or, secondly, when he breathes in anger upon the bread itself, so that those who would satisfy themselves by devouring it, instead of having their hunger thereby removed, remain famished still. And certainly to the barrenness of the earth this second is commonly added, namely, that he takes away the sustaining power which is in bread; for, as it is declared in Deuteronomy 8:3, bread does not give life of itself, but borrows its secret virtue from the mouth of God.


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These files are public domain.

Bibliography
Calvin, John. "Commentary on Psalms 105:16". "Calvin's Commentary on the Bible". http://odl.studylight.org/commentaries/cal/psalms-105.html. 1840-57.

John Trapp Complete Commentary

Psalms 105:16 Moreover he called for a famine upon the land: he brake the whole staff of bread.

Ver. 16. Moreover he called for a famine] How easy is it with God soon to starve us all by denying us a harvest or two! If he do but call for a famine it is done.

He brake the whole staff of bread] Either by withdrawing bread, that staff of man’s life, or his blessing from it; for man liveth not by bread alone (or at all), but by every word, &c., Matthew 4:4, without which bread can no more nourish us than a clod of clay, In pane conclusus est quasi baculus, qui nos sustineat. See Haggai 1:6. {See Trapp on "Haggai 1:6"}


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Text Courtesy of BibleSupport.com. Used by Permission.

Bibliography
Trapp, John. "Commentary on Psalms 105:16". John Trapp Complete Commentary. http://odl.studylight.org/commentaries/jtc/psalms-105.html. 1865-1868.

Matthew Poole's English Annotations on the Holy Bible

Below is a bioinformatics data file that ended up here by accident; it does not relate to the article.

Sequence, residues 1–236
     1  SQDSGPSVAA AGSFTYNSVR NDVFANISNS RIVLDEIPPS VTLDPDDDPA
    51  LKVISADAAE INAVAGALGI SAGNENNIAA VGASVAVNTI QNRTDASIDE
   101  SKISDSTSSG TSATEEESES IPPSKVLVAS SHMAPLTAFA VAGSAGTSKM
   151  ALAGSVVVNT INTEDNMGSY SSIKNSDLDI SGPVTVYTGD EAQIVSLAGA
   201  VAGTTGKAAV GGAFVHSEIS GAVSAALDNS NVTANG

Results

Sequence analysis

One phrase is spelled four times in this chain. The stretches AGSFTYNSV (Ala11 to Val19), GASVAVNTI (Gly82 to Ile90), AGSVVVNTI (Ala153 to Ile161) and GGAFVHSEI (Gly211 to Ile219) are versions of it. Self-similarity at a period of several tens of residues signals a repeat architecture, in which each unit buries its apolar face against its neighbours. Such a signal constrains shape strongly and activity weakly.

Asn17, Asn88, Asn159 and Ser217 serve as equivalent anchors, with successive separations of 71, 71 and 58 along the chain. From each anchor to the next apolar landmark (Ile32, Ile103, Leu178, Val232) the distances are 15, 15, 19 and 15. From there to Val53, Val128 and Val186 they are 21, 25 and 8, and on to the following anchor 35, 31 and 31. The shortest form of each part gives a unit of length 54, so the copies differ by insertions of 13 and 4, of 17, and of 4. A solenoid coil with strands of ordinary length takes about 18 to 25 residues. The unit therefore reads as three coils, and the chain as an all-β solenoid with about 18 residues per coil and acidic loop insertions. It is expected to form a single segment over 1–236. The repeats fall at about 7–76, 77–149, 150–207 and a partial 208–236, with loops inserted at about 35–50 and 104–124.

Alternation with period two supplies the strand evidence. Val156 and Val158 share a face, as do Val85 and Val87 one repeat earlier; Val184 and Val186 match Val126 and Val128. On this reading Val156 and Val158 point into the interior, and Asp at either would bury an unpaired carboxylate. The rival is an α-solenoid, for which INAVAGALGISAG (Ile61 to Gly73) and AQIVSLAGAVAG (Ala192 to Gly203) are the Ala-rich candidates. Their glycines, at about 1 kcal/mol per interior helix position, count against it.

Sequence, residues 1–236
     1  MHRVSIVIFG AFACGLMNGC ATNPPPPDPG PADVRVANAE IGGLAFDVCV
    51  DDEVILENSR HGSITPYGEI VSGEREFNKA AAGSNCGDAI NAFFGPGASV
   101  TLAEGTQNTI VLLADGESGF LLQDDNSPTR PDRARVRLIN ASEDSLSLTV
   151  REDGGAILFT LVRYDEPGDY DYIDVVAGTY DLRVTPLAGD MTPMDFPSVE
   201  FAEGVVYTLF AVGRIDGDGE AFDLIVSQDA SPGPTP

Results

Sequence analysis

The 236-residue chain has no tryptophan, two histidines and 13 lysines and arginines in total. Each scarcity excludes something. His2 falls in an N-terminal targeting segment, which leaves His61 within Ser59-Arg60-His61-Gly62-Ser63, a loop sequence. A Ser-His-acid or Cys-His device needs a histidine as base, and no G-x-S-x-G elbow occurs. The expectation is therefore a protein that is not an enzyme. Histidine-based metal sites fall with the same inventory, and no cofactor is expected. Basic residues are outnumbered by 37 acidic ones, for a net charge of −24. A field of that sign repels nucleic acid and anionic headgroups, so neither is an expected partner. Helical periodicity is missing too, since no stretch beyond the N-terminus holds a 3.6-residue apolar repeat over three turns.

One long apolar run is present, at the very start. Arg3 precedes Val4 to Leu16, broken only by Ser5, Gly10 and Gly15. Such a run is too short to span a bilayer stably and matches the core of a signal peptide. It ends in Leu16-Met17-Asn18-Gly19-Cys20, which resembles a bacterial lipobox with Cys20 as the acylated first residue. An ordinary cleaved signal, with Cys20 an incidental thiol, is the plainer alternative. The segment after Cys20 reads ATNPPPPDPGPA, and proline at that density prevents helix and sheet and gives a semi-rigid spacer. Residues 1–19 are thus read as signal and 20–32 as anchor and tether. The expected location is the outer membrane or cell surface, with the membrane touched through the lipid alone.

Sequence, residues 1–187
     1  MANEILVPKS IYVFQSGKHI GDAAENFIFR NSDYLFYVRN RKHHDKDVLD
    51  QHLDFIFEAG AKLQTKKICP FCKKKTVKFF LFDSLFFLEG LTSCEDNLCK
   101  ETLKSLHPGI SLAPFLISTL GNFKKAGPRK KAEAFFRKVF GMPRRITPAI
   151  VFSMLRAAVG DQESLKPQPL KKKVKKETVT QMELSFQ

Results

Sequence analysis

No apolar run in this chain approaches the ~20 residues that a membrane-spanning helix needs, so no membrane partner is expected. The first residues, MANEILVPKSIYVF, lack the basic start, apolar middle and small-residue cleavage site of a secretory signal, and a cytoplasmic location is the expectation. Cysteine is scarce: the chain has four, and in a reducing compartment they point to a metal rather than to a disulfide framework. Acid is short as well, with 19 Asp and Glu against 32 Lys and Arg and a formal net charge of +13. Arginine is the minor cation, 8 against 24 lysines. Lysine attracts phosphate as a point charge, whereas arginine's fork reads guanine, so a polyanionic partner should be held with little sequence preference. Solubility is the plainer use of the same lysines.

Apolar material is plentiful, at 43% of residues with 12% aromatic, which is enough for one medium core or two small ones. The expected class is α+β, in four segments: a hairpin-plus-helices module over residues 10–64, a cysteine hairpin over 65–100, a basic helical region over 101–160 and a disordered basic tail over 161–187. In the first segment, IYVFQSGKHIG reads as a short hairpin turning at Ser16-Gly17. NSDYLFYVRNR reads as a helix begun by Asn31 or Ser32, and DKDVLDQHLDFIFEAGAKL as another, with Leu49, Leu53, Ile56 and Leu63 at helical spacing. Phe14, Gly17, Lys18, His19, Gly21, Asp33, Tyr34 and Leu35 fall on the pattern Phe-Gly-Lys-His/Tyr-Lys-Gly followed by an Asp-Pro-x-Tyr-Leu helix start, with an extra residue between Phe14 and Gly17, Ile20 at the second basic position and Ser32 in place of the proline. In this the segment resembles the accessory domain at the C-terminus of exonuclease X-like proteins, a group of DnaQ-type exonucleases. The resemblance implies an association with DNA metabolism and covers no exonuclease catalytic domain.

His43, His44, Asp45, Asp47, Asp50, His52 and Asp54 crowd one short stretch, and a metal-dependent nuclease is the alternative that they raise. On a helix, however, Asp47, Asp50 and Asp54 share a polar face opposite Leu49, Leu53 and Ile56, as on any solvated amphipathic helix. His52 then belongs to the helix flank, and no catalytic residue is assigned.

He called for, i.e. he effectually procured, as this word is used, 2 Kings 8:1 Isaiah 47:1,5 56:7 Romans 4:17.

The whole staff of bread, i.e. bread, which is the staff or support of our animal lives. See Leviticus 26:26 Psalms 104:15 Ezekiel 4:16.


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These files are public domain.
Text Courtesy of BibleSupport.com. Used by Permission.

Bibliography
Poole, Matthew, "Commentary on Psalms 105:16". Matthew Poole's English Annotations on the Holy Bible. http://odl.studylight.org/commentaries/mpc/psalms-105.html. 1685.

Whedon's Commentary on the Bible

16. Famine—Recorded Genesis 41:54-57.

Staff of bread—That is, support of bread, their reliance for sustentation. This famine extended over Arabia, Palestine, Syria, and the surrounding nations.


Copyright Statement
These files are public domain.
Text Courtesy of BibleSupport.com. Used by Permission.

Bibliography
Whedon, Daniel. "Commentary on Psalms 105:16". "Whedon's Commentary on the Bible". http://odl.studylight.org/commentaries/whe/psalms-105.html. 1874-1909.

George Haydock's Catholic Bible Commentary

Holy one. By his function (Worthington) of priest. Core wished to take his place, as the rest did to supplant Moses in the civil government, Numbers xvi. (Calmet)


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Bibliography
Haydock, George Leo. "Commentary on Psalms 105:16". "George Haydock's Catholic Bible Commentary". http://odl.studylight.org/commentaries/hcc/psalms-105.html. 1859.

Ellicott's Commentary for English Readers

(16) Called for a famine.—Comp. 2 Kings 8:1; and in Ezekiel 14 we see how famine, with war and pestilence and noisome beasts, were regarded as Divine emissaries to be summoned and sent on His missions.

Staff of bread.—Leviticus 26:26. (See, too, Note on Psalms 104:15.)


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Text Courtesy of BibleSupport.com. Used by Permission.

Bibliography
Ellicott, Charles John. "Commentary on Psalms 105:16". "Ellicott's Commentary for English Readers". http://odl.studylight.org/commentaries/ebc/psalms-105.html. 1905.

Treasury of Scripture Knowledge

Moreover he called for a famine upon the land: he brake the whole staff of bread.
Moreover
Genesis 41:25-32,54; 42:5,6; 2 Kings 8:1; Amos 3:6; 7:1-4; Haggai 1:10,11; 2:17; Matthew 8:8,9; Revelation 6:8
brake
104:15; Genesis 47:13,19; Leviticus 26:26; Isaiah 3:1; Ezekiel 4:16; Acts 7:11

Copyright Statement
These files are public domain.
Text Courtesy of BibleSupport.com. Used by Permission.

Bibliography
Torrey, R. A. "Commentary on Psalms 105:16". "The Treasury of Scripture Knowledge". http://odl.studylight.org/commentaries/tsk/psalms-105.html.